The film is getting mixed to good reviews. Among them:
Ann Hornaday, Washington Post: " 'Brittany Runs a Marathon' is perfunctory, idealized, sometimes awkwardly composed, almost always predictable. But it stays the course, with admirable grit and more than a few entertaining grins."
Monica Castillo, RogerEbert.com: "In much of the same way seasoned runners make a marathon look easy, Bell makes leading this comedy look effortless."
Barbara VanDenberg, Arizona Republic: "Brittany is funny and authentic, but she can also be prickly and stubborn, even hard to like. You know, the way real people are."
I'm still waiting on final bookings. I'll update as they arrive.
(Note: This post formerly mentioned two movies opening Friday at the Magic Lantern. Wrong. Only one is opening, the one I list below. The other is already playing. Sorry for the confusion.)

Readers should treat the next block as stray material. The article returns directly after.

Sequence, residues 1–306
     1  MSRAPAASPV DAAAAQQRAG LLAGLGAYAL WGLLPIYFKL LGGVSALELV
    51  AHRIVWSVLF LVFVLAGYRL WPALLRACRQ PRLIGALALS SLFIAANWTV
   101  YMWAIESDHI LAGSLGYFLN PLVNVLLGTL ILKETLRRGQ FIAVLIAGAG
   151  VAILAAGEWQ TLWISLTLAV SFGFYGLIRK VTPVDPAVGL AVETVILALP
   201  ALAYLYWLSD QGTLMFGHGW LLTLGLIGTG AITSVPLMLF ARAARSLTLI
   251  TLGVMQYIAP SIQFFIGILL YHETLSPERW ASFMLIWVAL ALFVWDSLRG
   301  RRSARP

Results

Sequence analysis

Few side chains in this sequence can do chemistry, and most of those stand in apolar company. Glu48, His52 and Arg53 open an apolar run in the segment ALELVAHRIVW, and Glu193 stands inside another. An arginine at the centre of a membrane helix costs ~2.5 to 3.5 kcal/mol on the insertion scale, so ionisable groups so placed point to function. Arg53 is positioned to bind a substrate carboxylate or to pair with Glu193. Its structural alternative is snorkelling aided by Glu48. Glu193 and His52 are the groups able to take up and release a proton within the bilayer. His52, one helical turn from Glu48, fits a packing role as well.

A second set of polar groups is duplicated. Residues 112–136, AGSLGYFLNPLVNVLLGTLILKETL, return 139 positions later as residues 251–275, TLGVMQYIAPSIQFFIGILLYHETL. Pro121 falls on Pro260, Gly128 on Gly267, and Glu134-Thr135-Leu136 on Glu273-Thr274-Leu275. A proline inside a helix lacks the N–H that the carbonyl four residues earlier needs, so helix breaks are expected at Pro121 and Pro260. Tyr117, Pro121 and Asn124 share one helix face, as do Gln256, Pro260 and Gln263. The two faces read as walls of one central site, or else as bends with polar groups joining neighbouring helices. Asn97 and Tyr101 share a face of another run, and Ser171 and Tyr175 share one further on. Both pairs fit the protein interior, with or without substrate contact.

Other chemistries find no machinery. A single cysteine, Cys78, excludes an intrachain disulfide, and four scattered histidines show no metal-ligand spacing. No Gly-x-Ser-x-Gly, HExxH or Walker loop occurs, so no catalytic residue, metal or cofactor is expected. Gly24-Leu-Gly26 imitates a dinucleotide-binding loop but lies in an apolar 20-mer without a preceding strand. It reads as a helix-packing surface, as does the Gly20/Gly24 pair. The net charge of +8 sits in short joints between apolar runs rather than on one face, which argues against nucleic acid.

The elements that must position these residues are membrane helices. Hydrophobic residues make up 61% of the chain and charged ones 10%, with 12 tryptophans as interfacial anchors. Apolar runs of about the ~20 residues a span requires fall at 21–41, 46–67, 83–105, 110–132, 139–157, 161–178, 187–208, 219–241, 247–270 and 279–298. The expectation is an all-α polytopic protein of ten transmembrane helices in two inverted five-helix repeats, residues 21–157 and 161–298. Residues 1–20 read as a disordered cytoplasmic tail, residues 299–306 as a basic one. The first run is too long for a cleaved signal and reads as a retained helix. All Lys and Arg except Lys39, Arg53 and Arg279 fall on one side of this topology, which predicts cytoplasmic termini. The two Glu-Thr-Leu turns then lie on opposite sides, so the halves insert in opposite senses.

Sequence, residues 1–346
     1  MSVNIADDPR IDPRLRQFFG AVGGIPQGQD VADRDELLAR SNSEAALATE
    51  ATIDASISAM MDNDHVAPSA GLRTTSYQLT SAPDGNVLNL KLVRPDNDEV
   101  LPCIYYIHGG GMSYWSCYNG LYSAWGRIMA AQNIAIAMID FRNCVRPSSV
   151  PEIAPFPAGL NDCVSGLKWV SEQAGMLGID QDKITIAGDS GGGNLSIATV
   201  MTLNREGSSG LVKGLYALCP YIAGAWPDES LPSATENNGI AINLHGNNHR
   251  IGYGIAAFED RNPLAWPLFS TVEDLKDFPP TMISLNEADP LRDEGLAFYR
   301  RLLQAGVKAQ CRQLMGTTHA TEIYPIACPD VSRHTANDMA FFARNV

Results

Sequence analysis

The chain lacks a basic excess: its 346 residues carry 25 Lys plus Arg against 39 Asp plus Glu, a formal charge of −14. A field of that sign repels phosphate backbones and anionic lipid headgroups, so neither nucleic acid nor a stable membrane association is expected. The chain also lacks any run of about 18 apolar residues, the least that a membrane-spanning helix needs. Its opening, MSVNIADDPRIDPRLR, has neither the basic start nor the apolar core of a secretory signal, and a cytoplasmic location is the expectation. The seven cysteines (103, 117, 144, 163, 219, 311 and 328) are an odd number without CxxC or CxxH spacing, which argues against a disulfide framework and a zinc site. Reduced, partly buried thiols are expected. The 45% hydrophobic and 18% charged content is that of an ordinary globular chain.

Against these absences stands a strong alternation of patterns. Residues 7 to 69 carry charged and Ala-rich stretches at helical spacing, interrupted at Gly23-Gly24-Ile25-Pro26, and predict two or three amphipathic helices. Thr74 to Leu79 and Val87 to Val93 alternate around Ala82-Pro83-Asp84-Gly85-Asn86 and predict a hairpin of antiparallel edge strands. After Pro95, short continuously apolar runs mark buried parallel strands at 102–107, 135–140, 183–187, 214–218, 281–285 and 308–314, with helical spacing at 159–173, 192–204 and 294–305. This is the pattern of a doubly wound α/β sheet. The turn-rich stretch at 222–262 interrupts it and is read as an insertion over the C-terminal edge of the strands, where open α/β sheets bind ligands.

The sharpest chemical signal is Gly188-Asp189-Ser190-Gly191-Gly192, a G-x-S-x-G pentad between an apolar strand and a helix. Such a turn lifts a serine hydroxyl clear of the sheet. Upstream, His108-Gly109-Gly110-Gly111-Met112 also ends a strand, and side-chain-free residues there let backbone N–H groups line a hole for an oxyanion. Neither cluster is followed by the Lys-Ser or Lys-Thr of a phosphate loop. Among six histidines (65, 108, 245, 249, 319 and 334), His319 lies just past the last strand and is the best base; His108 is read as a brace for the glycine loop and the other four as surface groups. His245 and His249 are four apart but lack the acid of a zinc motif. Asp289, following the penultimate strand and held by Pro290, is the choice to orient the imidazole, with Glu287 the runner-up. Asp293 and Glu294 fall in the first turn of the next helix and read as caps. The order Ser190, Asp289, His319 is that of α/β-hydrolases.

I was taught never to craft a lede by using a question. But I have to ask this one: Is there ever more of a sign that we've entered the fall movie season than seeing a release that's based on a literary adaptation? Such is the case on Friday, based on the national release schedule:
"The Goldfinch": Donna's Tartt's 2014 Pulitzer Prize-winning novel about a boy who, having witnessed a museum bombing that killed his mother, steals a priceless painting and then spends the next several years dealing with the emotional aftermath. Oh, and he becomes mired in a life of crime, too. Happy days.
"Hustlers": A group of women working as lap-dancers takes advantage of their rich clients by getting them drunk and then stealing their money. Based on a real story and involving just a tad, you suspect, of karma.